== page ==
24 More Stunning Appalachian Trail Photos to Get You Through Another Week

We asked for your favorite AT photos, and we’re having a blast looking through them all. This week brings the third installment of our readers’ favorite pictures from the Appalachian Trail. The beauty is still out there despite current restrictions on access.  Think about that.

Check out the first and second installments below.

 

Have a favorite AT photo you want to share? Submit it here.

Crawford Path toward Mount Monroe in the Presidential Range, Dec. 20, 2018. Going back to a favorite section of the trail in a different season can be truly magical.

-Arlette Laan

Crossing the Roan Highlands was one of the most fun yet hardest days in memory. We crossed the ridge the day after a winter storm and there was plenty to show from it. The wind had not let up and was strong enough that my fiance and I were having to link arms for stability. Reaching this point on the ridge reminded us what it was all about as we gazed upon one of the most beautiful panoramas on the trail.

-Andrew Veal

PA/NJ border.

-Brian Henderson

Franconia Ridge at golden hour. We had the privilege of wonderful weather and fairly empty trail as we crossed the exposed ridgeline of the Whites.

-Marla “Fancy Feast” Davidson

Sunrise on the AT near McAfee Knob.

-Van Simmons

Mount Cammerer fire tower.

-Jason Mears

The trail is a magical place in the cold with your best friend. Near Unicoi Gap, Georgia.

-JT

Max Patch sunsets.

Gretchen

Sunny early spring afternoon after a rainy morning. This is in Washington County, Maryland, near the town of Myersville. Just northeast of the Interstate 70 crossing bridge.

-Dennis Martin

Early morning somewhere in Virginia.

-Richard (Roub) Massie

October 2019. Shenandoah National Park.

-Eric M Christ

Catching the last rays of light from a day hike along the Blue Mountains in Pennsylvania.

-Kurt Gregory

Icy trail north of Jane Bald in Tennessee (October 29, 2008) after an unexpected six-inch snowfall the prior day. It was 15 degrees with 45 mph sustained winds and 70 mph gusts at Carver Gap, and I was wearing every item of clothing I brought. No one had passed this way in the past 24 hours, so there was a bit of anxiety as I cut trail on my way to Mountain Harbour B&B.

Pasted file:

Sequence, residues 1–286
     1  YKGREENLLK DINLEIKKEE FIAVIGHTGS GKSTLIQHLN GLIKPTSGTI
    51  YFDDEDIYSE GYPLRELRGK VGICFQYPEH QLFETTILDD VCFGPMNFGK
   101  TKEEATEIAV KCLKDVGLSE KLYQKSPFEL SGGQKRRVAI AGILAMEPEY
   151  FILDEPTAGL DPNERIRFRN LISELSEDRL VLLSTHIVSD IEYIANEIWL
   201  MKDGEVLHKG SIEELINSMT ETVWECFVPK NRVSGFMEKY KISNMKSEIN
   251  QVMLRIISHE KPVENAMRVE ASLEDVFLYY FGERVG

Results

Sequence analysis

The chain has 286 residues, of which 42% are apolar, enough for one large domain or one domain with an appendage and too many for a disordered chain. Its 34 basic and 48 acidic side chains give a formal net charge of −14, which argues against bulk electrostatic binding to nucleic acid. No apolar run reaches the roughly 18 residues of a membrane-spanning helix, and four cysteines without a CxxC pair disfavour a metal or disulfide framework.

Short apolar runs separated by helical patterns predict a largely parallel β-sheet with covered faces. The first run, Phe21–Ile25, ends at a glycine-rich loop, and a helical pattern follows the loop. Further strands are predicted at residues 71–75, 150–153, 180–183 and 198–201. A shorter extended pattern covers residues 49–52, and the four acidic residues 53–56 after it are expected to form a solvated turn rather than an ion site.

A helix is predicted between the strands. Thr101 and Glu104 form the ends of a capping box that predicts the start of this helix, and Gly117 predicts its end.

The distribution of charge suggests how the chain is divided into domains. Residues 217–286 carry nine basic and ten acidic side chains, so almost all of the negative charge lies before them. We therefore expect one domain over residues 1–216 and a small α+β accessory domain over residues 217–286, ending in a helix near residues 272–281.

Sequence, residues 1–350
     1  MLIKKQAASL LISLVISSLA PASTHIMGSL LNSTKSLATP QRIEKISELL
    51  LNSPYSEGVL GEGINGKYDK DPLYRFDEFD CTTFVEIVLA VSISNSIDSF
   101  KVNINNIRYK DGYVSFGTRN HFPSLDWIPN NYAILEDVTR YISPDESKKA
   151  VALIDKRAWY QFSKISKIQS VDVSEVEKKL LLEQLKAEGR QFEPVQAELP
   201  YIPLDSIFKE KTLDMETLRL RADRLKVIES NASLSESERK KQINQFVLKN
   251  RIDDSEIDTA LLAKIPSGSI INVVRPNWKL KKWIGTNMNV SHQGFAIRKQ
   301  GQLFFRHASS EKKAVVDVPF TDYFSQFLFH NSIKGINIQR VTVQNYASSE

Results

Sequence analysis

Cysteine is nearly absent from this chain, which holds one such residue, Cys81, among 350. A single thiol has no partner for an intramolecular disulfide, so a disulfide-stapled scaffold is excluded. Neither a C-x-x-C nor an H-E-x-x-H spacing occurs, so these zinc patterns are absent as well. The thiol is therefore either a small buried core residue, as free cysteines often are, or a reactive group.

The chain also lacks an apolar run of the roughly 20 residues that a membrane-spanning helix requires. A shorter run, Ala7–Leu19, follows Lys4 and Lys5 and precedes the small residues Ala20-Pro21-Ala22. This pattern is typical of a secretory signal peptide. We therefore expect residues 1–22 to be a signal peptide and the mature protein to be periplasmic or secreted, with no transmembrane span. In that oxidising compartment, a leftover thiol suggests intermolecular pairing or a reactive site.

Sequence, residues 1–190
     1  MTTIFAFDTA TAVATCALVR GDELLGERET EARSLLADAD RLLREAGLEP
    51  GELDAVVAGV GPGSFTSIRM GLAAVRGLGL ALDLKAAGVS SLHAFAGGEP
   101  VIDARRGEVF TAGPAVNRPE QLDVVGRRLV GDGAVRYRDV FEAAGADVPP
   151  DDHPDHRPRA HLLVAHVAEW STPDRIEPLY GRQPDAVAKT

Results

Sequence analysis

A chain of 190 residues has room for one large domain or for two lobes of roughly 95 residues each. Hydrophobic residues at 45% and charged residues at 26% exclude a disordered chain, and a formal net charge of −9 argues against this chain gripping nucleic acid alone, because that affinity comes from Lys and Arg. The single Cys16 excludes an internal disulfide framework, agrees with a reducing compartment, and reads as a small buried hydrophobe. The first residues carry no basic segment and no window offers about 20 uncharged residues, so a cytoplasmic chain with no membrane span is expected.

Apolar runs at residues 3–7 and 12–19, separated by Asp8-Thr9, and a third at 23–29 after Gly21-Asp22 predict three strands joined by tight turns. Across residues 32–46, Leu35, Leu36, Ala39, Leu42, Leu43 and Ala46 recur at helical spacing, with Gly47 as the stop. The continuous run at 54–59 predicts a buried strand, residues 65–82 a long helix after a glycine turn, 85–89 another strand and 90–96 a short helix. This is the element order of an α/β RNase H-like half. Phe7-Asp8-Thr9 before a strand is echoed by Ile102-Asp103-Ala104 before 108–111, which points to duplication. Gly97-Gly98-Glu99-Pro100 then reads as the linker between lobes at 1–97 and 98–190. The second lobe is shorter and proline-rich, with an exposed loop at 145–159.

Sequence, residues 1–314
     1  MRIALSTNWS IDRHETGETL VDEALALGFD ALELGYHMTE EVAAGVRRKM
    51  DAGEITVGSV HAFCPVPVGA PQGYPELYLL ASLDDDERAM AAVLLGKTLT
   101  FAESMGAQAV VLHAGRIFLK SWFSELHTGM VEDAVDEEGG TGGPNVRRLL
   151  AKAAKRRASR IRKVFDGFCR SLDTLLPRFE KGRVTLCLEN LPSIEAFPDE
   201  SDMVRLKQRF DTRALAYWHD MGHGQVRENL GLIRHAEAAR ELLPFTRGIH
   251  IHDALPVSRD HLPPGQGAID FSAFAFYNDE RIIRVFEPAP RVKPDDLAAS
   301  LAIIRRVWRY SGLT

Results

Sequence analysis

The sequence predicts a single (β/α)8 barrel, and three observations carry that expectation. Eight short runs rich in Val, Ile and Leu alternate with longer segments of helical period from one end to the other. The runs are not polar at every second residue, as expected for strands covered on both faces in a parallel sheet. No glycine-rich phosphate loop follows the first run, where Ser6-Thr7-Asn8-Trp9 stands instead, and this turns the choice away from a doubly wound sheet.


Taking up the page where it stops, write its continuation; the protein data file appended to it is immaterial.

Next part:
-Michael “Kerosene” Karaman

I woke to this awe inspiring sunrise/moonset at the Fingerboard Shelter in New Jersey. March 17, 2020.

-Stephanie “Morning Glory” Joyner

View from Lions Head outside of Salisbury, Connecticut, in August 2018.

-Kevin Hale

Big bald mountain.

-Jason Mears

Damp September morning heading up Old Speck from Grafton Notch in Maine. I camped at Baldpate Shelter on a rainy night and had a steep, wet climb to a completely clouded-in Old Speck.

-Brett Klopp

Sunrise on the Knob.

-Josh Gribble

Snowbird Peak approach. A great exit from the woods after a quiet morning climb. And the blue skies were so welcoming after a few days of consistent rain. The sun, the sky, the green, the trail… perfection.

-Laura Nix

The early bird gets the worm. Sunrise on Mount Moosilauke.

-Arlette Laan

Early morning view of Bear Notch, just south of Crawford Notch, New Hampshire, on a section hike. We had left a car at the AMC Highland Center in Crawford Notch, so I dropped off my slower hiking partner, Hokey Pokey, at 6:10 a.m. and went back to Highland Center to park the car before catching the shuttle back to the trailhead at 8:10 a.m. I caught him at 10:10 atop Webster Cliffs (I like climbing!).

-Michael “Kerosene” Karaman

Overmountain Shelter.

-Brian Henderson

Climbing up Whitetop on my way to the Grayson Highlands during my 2018 thru-hike, I was treated to this magnificent frosty morning.

-Bruce H. Matson

Charlies Bunion, GSMNP.

-Jason Mears

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Comments 1

  • Avatar
    Nancy Shaffer Nafziger : May 20th

    For 89 more AT photographs.. half taken by Earl Shaffer..1st thru hiker in 1948 … check out my latest edit of his AT poetry titled NOT TOO DISTANT TRAILS at Amazon. Com and a virtual AT thru- hike on the Earl Shaffer Foundation FACBOOK page.

    Reply

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